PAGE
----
I have heard several judges talk about the value of mediation. And most often it’s about the benefits of having parties sit down prior to going to court and coming to an agreement. Sure … this saves the court time and money and opens up the calendar for cases that really need to be litigated.

I have also heard some judges say that even when parties do not come to an agreement, there is still value in the process.

What do they mean?

The Lines of Communication are Opened and Information is Exchanged

You never know when someone hears something differently than they understood it before. And that can only happen when people are communicating. Courtrooms are not conducive for that. Mediation rooms are.

Even if a mediation doesn’t result in agreement, participants have a chance to hear the other person’s perspective and discuss their own. They can focus and refine their own arguments which helps later in court. It also saves the judge time working through the issues.

Emotions are Expressed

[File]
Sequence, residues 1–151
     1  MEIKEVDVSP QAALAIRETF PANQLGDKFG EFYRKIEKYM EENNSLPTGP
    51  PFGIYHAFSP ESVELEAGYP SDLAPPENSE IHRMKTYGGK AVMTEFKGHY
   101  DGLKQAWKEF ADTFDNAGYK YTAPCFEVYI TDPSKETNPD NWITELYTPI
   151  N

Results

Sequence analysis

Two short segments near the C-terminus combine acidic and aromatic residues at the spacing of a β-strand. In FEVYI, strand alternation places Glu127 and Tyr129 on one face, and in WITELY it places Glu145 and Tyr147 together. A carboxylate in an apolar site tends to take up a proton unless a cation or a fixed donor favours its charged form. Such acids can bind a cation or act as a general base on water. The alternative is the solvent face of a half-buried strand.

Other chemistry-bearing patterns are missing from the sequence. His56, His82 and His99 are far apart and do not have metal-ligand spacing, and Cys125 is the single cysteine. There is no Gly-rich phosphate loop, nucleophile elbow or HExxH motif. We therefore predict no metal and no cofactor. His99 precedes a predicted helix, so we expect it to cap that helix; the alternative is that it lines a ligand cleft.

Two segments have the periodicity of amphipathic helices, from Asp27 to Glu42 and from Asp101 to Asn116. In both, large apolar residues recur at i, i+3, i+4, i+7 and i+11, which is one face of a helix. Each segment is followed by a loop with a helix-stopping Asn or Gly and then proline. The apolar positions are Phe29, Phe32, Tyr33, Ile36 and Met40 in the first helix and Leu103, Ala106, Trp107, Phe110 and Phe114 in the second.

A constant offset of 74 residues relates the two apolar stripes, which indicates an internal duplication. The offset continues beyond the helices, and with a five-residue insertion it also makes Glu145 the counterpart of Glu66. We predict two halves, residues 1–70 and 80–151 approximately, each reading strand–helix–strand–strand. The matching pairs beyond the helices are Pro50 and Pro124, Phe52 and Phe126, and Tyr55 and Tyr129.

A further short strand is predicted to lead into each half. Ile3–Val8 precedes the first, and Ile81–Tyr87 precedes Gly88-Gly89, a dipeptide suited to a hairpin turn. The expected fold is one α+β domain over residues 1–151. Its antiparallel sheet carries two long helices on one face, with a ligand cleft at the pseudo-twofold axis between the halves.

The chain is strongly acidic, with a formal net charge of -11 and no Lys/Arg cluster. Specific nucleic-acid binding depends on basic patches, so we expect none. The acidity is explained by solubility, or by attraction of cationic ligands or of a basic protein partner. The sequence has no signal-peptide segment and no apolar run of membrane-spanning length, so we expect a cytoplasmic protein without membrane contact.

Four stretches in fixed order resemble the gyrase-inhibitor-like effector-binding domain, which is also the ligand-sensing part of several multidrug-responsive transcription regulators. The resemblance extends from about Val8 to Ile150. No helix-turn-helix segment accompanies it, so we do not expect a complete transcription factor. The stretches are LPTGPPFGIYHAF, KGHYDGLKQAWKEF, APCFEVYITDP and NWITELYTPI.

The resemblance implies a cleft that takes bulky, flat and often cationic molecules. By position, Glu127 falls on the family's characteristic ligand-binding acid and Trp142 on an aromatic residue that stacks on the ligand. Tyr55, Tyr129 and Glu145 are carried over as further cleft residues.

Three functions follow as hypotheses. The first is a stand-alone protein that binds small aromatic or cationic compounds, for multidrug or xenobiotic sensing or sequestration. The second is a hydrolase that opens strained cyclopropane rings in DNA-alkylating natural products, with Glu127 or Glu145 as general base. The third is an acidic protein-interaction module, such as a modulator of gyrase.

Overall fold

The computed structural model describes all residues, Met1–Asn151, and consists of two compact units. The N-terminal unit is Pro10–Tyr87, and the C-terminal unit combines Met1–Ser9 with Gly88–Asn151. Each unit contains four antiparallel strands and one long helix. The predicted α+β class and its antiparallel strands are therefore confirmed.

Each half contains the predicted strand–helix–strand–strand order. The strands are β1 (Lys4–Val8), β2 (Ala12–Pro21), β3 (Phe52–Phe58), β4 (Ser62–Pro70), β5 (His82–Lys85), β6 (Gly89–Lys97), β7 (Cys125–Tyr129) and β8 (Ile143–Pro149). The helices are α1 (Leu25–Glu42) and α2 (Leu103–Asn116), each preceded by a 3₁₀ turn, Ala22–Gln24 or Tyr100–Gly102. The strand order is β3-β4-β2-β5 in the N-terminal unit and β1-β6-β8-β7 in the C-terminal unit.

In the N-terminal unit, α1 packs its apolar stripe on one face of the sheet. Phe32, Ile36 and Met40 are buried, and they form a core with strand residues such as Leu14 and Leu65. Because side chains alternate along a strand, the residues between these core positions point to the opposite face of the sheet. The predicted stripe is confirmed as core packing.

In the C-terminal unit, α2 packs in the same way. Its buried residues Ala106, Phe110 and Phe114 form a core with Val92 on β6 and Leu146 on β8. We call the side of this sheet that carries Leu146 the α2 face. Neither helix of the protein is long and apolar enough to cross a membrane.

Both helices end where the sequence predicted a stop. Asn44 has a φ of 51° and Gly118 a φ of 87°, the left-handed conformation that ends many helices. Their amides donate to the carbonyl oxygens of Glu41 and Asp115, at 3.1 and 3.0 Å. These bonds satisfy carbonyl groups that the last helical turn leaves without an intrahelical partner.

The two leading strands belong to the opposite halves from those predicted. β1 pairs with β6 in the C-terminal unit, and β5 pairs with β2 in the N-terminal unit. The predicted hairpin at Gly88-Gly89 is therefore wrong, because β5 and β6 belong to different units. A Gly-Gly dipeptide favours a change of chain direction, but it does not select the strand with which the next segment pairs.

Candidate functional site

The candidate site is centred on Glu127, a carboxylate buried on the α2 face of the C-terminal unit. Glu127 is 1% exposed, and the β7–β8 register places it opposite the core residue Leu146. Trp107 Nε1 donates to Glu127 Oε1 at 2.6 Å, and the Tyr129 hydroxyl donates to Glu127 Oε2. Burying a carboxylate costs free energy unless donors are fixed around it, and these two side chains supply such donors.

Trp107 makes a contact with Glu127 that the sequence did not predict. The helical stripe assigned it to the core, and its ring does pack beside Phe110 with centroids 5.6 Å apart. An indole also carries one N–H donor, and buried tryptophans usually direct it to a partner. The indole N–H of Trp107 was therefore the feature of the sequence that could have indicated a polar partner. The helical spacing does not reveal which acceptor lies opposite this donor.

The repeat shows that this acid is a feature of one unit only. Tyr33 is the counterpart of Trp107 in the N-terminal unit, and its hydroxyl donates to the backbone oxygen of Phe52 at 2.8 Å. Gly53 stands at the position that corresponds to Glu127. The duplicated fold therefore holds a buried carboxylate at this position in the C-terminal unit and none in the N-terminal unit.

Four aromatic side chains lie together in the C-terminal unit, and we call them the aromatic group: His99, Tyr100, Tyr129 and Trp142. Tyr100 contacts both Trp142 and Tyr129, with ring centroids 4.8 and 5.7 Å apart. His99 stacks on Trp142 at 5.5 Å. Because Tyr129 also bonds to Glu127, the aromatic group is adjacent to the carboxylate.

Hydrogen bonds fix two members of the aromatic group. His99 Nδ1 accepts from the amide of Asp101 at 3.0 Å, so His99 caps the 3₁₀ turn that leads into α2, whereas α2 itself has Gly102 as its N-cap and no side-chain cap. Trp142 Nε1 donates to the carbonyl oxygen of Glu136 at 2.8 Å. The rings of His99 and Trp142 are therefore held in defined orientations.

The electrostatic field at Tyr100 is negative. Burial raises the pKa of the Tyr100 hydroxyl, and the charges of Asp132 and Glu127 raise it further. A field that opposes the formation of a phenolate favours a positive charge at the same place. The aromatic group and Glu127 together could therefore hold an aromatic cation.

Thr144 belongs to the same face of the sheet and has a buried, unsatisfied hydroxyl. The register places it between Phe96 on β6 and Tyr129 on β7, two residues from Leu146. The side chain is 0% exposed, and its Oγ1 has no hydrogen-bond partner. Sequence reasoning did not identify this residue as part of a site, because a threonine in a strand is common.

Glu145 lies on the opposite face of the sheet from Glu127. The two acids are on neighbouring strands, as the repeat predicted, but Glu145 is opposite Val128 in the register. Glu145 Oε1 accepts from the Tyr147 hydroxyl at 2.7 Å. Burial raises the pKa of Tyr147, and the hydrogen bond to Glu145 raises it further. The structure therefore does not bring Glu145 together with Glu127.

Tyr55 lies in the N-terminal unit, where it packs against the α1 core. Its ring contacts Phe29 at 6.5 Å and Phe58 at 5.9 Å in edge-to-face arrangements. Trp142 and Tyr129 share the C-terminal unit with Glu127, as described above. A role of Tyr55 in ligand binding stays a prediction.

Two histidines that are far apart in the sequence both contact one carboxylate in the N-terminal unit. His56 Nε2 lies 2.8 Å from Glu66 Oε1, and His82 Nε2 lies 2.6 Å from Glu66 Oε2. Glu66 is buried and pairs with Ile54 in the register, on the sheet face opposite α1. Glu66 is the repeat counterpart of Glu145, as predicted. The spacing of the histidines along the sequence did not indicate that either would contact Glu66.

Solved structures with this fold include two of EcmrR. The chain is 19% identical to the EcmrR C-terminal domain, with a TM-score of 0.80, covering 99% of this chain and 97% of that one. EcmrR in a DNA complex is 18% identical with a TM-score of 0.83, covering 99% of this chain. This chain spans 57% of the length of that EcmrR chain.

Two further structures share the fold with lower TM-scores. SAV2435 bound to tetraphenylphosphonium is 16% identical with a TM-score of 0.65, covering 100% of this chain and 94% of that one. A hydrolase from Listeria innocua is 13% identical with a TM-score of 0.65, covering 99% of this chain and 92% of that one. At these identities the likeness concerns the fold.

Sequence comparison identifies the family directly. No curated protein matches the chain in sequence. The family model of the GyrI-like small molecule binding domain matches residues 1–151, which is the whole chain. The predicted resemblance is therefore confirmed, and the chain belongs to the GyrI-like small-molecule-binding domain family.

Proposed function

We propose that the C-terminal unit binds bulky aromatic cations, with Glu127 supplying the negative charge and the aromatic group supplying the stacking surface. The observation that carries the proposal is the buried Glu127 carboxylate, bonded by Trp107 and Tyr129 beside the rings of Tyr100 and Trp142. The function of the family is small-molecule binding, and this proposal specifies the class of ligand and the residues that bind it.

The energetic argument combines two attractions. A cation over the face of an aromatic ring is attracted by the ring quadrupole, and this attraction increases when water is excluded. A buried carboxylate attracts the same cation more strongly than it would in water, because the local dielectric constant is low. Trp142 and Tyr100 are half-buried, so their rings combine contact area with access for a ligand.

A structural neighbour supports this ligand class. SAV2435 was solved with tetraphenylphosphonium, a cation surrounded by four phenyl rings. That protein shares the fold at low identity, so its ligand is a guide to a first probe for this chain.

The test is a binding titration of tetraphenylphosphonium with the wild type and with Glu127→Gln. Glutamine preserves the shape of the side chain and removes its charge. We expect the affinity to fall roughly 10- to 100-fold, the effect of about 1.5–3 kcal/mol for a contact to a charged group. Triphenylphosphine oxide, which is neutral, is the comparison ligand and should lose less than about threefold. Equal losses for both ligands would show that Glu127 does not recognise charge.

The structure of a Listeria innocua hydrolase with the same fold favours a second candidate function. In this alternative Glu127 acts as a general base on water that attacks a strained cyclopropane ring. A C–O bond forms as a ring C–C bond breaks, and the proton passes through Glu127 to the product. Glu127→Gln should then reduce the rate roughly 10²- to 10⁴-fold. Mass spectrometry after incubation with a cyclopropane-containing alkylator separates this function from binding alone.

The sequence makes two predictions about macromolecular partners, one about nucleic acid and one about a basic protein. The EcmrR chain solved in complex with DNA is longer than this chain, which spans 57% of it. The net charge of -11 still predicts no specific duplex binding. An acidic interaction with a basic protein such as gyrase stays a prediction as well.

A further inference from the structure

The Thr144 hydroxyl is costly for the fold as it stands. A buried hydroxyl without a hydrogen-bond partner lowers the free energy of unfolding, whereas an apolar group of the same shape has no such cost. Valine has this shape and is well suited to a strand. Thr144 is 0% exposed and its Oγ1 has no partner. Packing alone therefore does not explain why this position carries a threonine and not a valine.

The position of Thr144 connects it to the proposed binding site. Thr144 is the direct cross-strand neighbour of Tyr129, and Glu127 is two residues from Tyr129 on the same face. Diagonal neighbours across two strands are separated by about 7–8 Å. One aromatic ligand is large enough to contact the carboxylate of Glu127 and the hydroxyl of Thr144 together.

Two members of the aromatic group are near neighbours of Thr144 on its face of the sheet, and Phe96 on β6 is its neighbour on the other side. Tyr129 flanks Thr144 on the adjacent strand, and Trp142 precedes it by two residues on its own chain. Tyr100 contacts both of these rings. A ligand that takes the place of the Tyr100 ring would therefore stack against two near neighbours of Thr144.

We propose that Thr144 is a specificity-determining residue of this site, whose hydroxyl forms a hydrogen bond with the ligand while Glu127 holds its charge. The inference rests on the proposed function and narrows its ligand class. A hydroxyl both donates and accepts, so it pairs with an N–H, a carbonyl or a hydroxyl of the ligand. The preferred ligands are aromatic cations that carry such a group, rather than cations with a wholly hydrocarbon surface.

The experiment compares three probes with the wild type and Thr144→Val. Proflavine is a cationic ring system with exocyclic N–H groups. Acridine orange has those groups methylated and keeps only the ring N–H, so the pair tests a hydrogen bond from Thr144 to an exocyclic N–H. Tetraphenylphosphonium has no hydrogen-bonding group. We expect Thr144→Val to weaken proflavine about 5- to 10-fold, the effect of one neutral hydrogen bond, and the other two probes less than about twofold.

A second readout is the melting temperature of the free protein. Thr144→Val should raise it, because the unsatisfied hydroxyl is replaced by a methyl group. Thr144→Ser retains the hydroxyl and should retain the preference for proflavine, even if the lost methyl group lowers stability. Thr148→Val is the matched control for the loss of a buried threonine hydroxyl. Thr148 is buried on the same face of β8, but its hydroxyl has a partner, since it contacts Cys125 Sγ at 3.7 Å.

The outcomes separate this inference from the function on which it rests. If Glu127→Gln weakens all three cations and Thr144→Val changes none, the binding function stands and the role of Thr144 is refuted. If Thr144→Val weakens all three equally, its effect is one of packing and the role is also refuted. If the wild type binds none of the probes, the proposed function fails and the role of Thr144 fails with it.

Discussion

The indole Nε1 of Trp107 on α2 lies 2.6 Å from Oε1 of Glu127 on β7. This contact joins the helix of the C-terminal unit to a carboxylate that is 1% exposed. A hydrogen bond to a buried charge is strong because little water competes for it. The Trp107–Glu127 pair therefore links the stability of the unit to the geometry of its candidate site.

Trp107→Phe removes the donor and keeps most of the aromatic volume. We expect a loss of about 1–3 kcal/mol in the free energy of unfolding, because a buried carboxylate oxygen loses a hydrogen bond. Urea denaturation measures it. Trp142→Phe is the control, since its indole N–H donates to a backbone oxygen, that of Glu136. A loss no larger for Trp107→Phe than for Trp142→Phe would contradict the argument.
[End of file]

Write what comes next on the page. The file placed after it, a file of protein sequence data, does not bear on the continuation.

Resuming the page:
“Order in the Court” … that’s what you hear if emotions are expressed in court (with the pounding of the gavel). In mediation, emotions happen all the time. Often externally (crying, loud exasperated sighs) and also internally (as a mediator, you just know that something is going on). Expressing these emotions helps because they are no longer bottled up and can lead to a more orderly court hearing.

Expectations of the Parties are Tested

Sometimes parties are ready to talk, yet they’re not ready to deal. Being in mediation before a court date gives them the opportunity to evaluate their case better. How far are the parties apart? What are the value and merits each case? The time between the mediation and the court hearing can present a valuable “thinking” period.

Thank-you to those judges who still consider a mediation “impasse” as helpful and not a necessarily a failure.


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